People get depressed for a variety of reasons. Some say it’s genetic, others behavioral, and some argue it’s related to your thinking style and perception of the world. Another perspective might be because a part of you has a hard time with expressing anger, feeling anger, and has an association with anger that is negative. The saying, “depression is anger turned inward” offers a clue to this idea. If you struggle with depression and think “but I don’t have a problem with anger”, that could be because something inside you squashes your anger before it has a chance to bloom.
Suppressing Your Feelings…
The problem that many people with depression have is that they experience anger but have trained themselves to stuff it down, deflect it, or avoid any and all expression of it. For a lot of individuals, anger is associated with being mean, aggressive, and violent. However, what people don’t realize is that meanness and aggression are forms of acting out of anger, not from it.
Anger is a really useful emotion that alerts us to when a boundary has been crossed or when we’ve been attacked in some way. If we act out of our anger, we end up hurting another person and that goes against the purpose of anger, which is to right a wrong.
For individuals who stuff their anger away and make rationalizations why they shouldn’t be angry, they unwittingly end up turning that anger back onto themselves and become punished by it.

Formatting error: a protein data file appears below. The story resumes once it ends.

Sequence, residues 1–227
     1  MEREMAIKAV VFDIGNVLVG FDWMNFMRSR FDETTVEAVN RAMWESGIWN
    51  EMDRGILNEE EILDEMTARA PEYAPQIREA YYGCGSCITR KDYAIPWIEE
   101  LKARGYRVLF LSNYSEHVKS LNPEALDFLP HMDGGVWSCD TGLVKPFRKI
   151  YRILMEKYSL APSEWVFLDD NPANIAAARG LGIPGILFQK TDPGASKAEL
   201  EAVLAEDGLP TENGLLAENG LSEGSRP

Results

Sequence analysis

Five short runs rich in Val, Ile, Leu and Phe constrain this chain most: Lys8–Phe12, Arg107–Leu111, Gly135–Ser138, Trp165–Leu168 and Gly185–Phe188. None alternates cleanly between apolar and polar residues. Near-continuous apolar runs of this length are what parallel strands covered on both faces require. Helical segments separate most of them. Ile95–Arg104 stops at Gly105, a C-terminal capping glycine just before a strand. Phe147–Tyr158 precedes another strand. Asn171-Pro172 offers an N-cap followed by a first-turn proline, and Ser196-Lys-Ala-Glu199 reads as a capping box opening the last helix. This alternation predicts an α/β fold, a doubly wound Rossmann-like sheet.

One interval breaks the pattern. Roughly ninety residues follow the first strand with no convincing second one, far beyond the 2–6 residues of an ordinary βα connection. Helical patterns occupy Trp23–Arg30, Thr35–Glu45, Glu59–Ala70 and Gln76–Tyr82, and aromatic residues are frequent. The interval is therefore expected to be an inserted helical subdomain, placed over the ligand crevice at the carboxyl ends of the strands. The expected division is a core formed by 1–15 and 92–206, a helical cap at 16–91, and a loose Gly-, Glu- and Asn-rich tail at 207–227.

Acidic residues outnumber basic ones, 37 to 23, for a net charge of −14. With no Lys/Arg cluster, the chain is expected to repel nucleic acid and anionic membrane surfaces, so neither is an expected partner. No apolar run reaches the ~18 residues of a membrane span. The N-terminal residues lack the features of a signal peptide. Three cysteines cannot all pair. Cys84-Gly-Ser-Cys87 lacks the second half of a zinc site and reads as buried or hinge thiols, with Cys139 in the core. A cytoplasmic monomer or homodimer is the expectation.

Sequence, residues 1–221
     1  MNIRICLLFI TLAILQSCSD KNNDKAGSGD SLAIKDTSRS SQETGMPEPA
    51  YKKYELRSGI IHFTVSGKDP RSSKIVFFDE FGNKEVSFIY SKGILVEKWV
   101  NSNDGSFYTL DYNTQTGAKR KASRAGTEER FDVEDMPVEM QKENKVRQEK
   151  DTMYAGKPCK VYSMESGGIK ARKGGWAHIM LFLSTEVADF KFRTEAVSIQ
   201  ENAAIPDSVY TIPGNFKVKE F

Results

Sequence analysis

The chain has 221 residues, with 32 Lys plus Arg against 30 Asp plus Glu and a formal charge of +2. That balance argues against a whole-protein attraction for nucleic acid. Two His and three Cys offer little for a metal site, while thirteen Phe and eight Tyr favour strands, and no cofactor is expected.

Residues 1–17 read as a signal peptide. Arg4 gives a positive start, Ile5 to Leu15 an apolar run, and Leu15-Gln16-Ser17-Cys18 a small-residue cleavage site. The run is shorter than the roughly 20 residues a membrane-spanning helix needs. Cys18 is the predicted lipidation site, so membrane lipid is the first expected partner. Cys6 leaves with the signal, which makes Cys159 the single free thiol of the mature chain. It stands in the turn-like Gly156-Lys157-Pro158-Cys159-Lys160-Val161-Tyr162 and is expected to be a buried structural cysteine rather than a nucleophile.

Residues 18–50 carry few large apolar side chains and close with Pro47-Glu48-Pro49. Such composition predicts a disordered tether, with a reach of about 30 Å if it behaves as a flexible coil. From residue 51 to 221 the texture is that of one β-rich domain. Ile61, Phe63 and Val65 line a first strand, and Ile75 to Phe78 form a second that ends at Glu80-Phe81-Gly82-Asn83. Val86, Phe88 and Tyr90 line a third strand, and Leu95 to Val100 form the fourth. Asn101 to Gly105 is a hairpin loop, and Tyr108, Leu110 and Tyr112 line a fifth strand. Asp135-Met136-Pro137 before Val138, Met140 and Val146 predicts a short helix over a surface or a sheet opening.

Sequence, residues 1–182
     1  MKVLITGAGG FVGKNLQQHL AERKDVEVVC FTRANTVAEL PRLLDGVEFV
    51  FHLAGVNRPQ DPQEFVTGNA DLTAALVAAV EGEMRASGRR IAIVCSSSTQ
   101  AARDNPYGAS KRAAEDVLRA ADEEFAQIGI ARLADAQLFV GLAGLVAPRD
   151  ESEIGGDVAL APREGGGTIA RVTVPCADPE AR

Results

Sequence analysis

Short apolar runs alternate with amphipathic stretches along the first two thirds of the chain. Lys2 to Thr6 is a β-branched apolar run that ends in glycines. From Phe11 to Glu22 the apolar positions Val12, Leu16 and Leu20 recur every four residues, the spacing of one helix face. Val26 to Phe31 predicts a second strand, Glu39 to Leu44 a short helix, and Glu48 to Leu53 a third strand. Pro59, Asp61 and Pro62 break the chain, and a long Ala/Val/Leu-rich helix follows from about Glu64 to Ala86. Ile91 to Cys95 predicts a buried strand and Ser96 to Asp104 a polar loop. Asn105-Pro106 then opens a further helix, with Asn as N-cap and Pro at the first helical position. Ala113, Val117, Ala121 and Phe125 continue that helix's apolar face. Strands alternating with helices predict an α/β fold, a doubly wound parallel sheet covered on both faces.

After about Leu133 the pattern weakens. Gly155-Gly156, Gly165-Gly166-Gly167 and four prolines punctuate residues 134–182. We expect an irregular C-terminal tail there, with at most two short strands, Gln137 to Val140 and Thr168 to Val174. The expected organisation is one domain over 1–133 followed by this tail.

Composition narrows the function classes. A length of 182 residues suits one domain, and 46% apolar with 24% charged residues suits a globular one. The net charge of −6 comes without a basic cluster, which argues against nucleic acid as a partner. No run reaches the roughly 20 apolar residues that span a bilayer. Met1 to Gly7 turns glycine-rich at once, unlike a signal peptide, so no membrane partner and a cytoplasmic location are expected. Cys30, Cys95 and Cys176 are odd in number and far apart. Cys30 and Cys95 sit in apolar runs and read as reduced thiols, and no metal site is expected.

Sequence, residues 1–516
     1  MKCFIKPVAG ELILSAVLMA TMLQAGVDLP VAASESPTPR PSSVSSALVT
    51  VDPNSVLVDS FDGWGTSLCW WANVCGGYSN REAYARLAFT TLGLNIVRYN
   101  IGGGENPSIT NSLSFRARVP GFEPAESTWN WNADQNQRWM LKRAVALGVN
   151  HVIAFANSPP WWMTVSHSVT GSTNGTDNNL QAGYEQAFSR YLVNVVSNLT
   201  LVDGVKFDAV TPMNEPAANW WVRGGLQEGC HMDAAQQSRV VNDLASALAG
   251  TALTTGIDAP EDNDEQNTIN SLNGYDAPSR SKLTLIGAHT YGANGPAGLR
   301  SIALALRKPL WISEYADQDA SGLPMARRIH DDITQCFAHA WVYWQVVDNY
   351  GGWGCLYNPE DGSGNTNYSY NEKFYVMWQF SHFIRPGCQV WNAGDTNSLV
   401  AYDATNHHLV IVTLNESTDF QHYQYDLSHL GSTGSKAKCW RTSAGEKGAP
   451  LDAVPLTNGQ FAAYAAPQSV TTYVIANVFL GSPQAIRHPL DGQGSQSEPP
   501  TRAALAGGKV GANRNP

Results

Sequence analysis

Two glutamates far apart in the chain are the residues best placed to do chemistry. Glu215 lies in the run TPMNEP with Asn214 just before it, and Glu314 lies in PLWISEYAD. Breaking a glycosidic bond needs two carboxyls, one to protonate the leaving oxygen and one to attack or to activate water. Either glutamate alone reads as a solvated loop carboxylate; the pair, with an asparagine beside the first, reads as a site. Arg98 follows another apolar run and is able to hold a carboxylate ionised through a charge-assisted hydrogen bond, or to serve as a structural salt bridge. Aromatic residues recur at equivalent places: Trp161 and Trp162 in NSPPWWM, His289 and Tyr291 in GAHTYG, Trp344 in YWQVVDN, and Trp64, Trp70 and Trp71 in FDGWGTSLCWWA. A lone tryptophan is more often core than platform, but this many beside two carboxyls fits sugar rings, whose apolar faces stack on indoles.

Covering Your Feelings With Anxiety
Another thing a person dealing with depression might notice when they initially feel angry is the follow up emotion of anxiety. This anxiety comes as a response to the anger, usually because in that person’s mind anger is a dangerous emotion. It may have been that in an earlier part of this person’s life, like childhood, they had to adapt to their environment and stuff their anger away in order to stay safe from a person who was hurting them in some way. However, as they grew into adulthood, the response of stuffing away their anger stopped serving them so well and turned into depression.
For example, if I learned that expressing my anger lead to eruptions from my caregivers and physical attack, I would quickly adapt and sensor that feeling out of my awareness. However, once I grew into adulthood and I experienced an injustice or boundary crossing from a colleague, friend, or partner, and didn’t express my anger, I would be complicit in my own abuse
Learning to appropriately set a boundary with people and express your anger without suppressing or exploding it can offer you a much healthier and helpful way of approaching challenging situations. The process of re-learning how to contact your anger and channel it appropriately takes patience and consistency. It’s so important to be kind to yourself while you experience the turbulence that comes with change and rewiring your brain.
Anger can be used to do so many great things like make positive changes in your environment, maintain relationships, honor our needs, and transform our sense of empowerment. If we stuff it down, we lose our sense of self and personal rights. If we explode it, we hurt ourselves and other people in the process. Channeling it assertively, with respect to our wellbeing and the person we’re angry with, allows for space to open up where it may not have been before. This space is where change occurs.